As the Obama administration mulls its choices for intervention in Syria, one possible choice has seemingly been taken off the table — an UN resolution authorizing the US to use force in response to Syria’s use of chemical weapons.  Defense Secretary Chuck Hagel made that clear yesterday:

The United States does not need the permission of the United Nations or any other international body for a military strike against Syria to retaliate for its use of chemical weapons against civilians, Defense Secretary Chuck Hagel said Tuesday.

“No nation, no group of nations is bound by only one dimension of whether they’d make a decision to respond to any self-defense or any other violation of the kind of humanitarian violations that we saw in Syria,” he told the BBC.

The reason for eschewing the UN Security Council is obvious enough.  Neither Russia nor China will allow a resolution authorizing force against Syria, just as both nations have blocked any real action against Iran for secretly and then openly pursuing nuclear weapons, in violation of UN and IAEA treaties.  The UNSC is nothing more than a debating society where nothing of any substance gets accomplished about true threats, while the General Assembly mostly acts as a hysterical echo chamber for anti-Israel despots and human-rights abusers.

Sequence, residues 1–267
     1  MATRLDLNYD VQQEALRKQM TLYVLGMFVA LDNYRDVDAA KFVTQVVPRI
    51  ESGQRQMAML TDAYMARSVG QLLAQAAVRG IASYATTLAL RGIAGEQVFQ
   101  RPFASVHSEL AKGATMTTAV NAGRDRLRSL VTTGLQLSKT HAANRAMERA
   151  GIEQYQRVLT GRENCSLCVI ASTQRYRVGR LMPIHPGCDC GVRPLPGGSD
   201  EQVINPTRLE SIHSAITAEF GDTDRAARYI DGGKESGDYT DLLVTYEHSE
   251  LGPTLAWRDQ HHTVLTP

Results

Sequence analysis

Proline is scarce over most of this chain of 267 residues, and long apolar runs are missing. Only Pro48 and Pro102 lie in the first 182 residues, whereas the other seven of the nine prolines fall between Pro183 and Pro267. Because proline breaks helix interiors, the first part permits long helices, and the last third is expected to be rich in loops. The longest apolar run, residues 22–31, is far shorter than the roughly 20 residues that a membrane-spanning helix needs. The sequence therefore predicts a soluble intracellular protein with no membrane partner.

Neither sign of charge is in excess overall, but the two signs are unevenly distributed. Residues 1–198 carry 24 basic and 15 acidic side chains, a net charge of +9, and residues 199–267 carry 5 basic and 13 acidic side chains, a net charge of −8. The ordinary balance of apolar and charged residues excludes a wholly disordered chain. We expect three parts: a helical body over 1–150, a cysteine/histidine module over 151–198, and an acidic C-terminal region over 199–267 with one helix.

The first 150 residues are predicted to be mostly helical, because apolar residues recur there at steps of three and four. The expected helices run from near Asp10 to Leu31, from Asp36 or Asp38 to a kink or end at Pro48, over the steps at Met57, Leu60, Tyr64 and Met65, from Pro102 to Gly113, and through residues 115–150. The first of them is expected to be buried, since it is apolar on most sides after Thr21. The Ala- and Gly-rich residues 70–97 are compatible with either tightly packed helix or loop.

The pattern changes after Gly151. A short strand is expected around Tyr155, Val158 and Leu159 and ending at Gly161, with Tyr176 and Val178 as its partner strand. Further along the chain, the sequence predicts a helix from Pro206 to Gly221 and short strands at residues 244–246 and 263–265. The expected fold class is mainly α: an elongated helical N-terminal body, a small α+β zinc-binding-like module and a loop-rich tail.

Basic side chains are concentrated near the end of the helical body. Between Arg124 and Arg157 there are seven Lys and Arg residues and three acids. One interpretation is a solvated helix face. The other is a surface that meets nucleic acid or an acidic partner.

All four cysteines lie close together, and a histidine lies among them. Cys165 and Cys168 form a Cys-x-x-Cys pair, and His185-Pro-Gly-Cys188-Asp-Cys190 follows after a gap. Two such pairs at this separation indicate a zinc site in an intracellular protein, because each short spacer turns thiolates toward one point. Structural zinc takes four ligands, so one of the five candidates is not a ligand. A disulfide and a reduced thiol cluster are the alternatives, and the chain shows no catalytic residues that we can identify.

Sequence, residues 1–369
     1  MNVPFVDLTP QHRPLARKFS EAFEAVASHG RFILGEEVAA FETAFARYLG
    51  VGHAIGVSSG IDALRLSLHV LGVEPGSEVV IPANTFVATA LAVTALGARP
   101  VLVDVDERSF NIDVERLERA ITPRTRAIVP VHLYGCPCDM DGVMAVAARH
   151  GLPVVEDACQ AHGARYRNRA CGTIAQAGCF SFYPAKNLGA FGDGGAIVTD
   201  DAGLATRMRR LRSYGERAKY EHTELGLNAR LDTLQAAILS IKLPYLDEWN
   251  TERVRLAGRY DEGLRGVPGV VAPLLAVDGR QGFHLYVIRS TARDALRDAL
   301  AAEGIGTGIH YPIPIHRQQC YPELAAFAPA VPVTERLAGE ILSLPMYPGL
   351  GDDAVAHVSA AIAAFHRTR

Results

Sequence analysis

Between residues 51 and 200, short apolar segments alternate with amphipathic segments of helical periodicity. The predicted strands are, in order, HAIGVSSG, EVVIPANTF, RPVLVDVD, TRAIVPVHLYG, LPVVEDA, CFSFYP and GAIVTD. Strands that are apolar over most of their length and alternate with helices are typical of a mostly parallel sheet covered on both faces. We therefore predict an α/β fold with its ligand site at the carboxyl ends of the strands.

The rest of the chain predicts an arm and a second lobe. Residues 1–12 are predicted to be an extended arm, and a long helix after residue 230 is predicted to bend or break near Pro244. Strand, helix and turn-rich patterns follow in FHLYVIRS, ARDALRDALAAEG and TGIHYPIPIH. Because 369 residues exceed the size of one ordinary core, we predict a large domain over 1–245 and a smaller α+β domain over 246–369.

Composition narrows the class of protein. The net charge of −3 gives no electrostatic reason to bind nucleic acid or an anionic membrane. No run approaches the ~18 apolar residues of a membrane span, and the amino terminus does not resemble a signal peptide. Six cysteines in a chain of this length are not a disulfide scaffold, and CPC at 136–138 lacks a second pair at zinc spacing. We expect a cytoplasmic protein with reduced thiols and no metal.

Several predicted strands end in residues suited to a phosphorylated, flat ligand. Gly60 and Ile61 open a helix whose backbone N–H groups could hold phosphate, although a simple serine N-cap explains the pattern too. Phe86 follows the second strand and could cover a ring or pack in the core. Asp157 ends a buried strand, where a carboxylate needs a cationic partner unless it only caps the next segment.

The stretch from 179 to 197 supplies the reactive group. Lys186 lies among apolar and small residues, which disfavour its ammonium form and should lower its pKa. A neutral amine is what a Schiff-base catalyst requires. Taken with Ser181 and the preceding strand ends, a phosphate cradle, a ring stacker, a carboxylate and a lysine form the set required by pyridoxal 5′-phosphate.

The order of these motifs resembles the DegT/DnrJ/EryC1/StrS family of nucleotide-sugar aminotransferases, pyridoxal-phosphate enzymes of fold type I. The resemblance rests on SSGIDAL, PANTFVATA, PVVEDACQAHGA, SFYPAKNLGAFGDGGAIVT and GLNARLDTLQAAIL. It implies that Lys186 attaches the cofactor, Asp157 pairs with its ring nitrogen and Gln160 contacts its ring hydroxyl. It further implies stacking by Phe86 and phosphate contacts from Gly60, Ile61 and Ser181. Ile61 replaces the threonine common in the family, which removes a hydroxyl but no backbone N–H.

The UN envoy to Syria says that’s just too bad.  Only UN approval will give the US authority to respond to Syria’s use of WMDs:

“I think international law is clear on this. International law says that military action must be taken after a decision by the Security Council. That is what international law says,” [special UN envoy to Syria Lakhdar Brahimi] told a press conference in Geneva.

“I must say that I do know that President Obama and the American administration are not known to be trigger-happy. What they will decide I don’t know. But certainly international law is very clear.”

Brahimi isn’t the only UN official advising caution, either.  ABC’s Jon Williams reports that inspectors haven’t even finished their inspection, and would like a little more time to complete it and determine what happened:

If the Obama administration won’t go to the UN, our ally will do so in our place, apparently.  NPR’s Mark Memmott reports that UK Prime Minister David Cameron has drafted a resolution to authorize military action, and will propose it to the five veto-wielding members of the UNSC today:

Britain “has drafted a resolution condemning the chemical weapons attack by Assad & authorising necessary measures to protect civilians,” Prime Minister David Cameron’s office announced on its official Twitter page early Wednesday.

That resolution, Cameron’s office added, “will be put forward at a meeting of the five permanent members of the Security Council later today in New York.”

Now, as NPR’s Philip Reeves tells our Newscast Desk, attention will:

“Focus on what the options encompassed by the words ‘necessary measures.’ Cameron is trying to convince a skeptical parliament and public to support plans to join the U.S. in a military strike against President Assad’s regime. This faces resolute opposition from Russia and China — both permanent member of the Security Council. But by putting forward the resolution, Cameron can argue that he at least tried to get U.N. Security Council backing.”